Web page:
The climb rate tells you what to expect as the day progresses; climb rates tend to improve until late in the day, and thermal size also tends to increase as the day wears on (sink too unfortunately). If you’re getting solid 600fpm climbs, then it’s probably not worth stopping in 100fpm on a glide unless you’re low (anything going up when you’re low is great). The peak thermal altitude is also useful; if you are getting to 6,000 feet AGL consistently but a strong thermal suddenly “stops” at 4,000 AGL then you’ve probably lost it and should search for it. However, if the thermal stops at 5,800 feet then it’s most likely done and time to go on glide. Remember that the peak altitude of the thermals should increase as the day progresses. On good days in Texas it’s not uncommon to see thermals in the morning only reach 4000 AGL, then 6000 AGL at noon, 10,000 at 2:00 p.m. and 14,000 at 5:00 p.m. This progression is generally less in the mountains but still observable.
Finally, the size and drift of your circles at various altitudes also tells you what to expect on the next climb and information on wind speeds aloft. This tells you what angle your thermal will be flowing from a collector so you can intersect that line I (note-very strong thermals will have no problem pushing the wind around them like a bridge abutment in the river).
OK, so you’re flying along and your vario starts beeping with the good noises. What to do? First, did your glider surge forward or fall back behind you just before the beeps? If it went behind you then you’re probably dealing with a “gust.” Wait and see if the beeping continues or goes back to sink. If it’s a thermal and the beeping increases, turn. I don’t worry too much about which direction; if one side of the glider is noticeably more pressurized or higher above you, then lean meaningfully in that direction and pull on the brake smoothly. How much pull ? Higher pressures in your glider indicate a stronger thermal, meaning you can pull harder you can. However, the most common mistake in thermalling is to pull too aggressively on the inside brake. When you pull too hard on the inside brake your body tends to swing to the outside of your turn in a small wing-over. Then your body swings back under the glider, you lose the turn and fly straight out of the thermal. Many pilots then crank another wild-ass turn to try and get back into the thermal; I flew this way for about five years before getting it figured out.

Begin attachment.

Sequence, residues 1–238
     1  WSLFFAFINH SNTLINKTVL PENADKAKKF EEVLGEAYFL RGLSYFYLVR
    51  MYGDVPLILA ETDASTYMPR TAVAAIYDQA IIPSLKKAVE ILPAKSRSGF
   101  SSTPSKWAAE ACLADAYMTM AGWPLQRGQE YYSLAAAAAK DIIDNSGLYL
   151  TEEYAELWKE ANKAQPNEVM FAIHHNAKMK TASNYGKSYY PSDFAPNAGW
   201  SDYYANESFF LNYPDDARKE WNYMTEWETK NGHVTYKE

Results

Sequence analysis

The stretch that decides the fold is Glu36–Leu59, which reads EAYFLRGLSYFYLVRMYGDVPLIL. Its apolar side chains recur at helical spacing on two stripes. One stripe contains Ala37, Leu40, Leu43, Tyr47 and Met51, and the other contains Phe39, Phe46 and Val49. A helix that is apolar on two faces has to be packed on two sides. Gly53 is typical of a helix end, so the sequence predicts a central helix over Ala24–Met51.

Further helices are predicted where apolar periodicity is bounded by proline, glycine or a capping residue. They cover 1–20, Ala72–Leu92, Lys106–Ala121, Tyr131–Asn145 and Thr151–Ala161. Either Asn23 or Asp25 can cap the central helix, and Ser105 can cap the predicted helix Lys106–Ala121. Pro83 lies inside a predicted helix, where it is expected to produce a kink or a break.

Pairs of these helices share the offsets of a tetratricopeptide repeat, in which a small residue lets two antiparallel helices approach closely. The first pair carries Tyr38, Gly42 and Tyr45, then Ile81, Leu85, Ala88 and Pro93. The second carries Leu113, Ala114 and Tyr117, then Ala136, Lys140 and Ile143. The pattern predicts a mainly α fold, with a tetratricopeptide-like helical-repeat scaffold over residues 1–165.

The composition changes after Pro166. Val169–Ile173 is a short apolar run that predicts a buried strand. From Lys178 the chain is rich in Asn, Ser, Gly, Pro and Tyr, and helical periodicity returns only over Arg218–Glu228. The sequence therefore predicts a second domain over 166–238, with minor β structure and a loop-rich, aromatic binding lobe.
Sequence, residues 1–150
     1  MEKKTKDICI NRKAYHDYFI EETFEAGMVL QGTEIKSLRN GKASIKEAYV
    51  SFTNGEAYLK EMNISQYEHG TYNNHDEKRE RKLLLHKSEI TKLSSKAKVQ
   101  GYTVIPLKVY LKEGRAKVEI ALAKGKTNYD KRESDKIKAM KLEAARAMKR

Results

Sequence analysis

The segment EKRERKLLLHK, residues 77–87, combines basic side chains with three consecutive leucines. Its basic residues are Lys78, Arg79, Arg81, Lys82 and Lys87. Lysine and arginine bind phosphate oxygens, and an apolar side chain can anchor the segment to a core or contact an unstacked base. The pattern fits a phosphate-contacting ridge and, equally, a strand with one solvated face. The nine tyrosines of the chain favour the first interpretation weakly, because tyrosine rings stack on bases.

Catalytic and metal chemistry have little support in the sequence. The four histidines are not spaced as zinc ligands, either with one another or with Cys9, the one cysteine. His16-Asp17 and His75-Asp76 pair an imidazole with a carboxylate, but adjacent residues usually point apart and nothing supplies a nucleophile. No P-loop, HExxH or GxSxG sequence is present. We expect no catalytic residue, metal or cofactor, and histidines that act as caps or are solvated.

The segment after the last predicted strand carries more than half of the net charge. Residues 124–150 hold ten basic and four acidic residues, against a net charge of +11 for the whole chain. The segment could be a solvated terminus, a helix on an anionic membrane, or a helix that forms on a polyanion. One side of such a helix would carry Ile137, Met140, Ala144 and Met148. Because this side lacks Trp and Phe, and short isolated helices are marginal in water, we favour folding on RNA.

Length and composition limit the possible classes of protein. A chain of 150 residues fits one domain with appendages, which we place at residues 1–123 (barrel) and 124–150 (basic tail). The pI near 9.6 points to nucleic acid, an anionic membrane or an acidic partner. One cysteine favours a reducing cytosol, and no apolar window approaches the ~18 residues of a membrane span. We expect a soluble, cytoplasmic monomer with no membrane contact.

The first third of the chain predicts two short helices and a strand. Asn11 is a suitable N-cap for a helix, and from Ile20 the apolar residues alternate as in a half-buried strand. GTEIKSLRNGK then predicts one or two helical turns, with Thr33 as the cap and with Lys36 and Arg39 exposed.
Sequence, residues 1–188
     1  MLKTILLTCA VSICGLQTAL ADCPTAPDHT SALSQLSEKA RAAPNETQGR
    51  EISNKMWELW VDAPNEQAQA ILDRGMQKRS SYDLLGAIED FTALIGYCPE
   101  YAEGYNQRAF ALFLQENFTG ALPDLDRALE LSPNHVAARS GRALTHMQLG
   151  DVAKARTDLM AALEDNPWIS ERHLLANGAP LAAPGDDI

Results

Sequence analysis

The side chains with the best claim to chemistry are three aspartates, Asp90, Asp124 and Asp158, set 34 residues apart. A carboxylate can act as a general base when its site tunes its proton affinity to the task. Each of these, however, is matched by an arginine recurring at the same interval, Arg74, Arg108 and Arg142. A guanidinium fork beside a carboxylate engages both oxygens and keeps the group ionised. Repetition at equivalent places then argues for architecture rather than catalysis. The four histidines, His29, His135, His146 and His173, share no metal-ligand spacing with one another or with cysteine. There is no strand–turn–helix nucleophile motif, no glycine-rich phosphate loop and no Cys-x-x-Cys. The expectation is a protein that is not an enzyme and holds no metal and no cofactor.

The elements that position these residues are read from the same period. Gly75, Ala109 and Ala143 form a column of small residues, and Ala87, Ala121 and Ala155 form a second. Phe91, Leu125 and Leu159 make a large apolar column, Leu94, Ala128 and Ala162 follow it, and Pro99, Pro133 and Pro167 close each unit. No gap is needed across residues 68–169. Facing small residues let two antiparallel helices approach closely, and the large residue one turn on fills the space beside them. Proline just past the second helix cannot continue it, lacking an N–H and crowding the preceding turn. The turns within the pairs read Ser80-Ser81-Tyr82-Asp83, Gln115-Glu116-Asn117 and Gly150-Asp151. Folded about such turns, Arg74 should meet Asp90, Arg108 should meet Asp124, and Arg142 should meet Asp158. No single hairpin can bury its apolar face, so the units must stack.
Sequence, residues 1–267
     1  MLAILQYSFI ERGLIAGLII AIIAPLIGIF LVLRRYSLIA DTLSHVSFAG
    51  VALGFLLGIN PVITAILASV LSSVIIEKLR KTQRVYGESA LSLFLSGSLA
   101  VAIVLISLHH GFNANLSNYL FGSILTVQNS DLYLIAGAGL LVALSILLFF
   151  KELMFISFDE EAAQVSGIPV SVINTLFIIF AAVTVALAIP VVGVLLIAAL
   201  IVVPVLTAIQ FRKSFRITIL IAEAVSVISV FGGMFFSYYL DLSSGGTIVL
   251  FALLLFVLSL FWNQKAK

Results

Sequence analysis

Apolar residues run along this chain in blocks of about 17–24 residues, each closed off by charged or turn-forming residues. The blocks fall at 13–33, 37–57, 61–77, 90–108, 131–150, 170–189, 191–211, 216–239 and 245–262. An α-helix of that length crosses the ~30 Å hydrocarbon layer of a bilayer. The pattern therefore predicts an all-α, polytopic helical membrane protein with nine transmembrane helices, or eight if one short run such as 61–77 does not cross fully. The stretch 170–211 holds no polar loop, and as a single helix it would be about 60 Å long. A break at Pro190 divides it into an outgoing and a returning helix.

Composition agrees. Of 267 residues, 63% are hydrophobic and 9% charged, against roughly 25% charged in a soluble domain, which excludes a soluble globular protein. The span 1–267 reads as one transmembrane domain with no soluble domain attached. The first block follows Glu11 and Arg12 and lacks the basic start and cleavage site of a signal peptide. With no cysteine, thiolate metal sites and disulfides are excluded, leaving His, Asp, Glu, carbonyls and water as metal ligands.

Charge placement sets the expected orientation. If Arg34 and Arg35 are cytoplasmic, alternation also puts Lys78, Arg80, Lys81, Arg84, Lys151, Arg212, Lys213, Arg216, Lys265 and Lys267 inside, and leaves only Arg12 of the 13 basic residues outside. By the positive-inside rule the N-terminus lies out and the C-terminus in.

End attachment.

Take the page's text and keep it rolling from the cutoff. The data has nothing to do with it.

What you want to do is fly in a “coordinated” banked turn. This is like riding a bicycle; you and the bike are at the correct bank angle for your speed and the sharpness of the turn. One of the most common problems pilots have is maintaining a consistent circle while thermalling; I expect you know what I mean… The correct technique is to start a turn with a smooth, controlled lean and simultaneous progressive inside brake application. The glider will bank up, your body will follow it, and due to centrifugal force you will continue to stay outside the glider’s circle and smoothly ride the thermal up. Jerking the brake instead of applying smooth increasing pressure will just swing you to the outside of the glider--then you’ll swing back under it, repeat. The glider will also remain over your head in a true coordinated turn; if it falls behind you, reduce brake. If it threatens to surge in front of you, apply a quick correction while maintaining your lean and turn.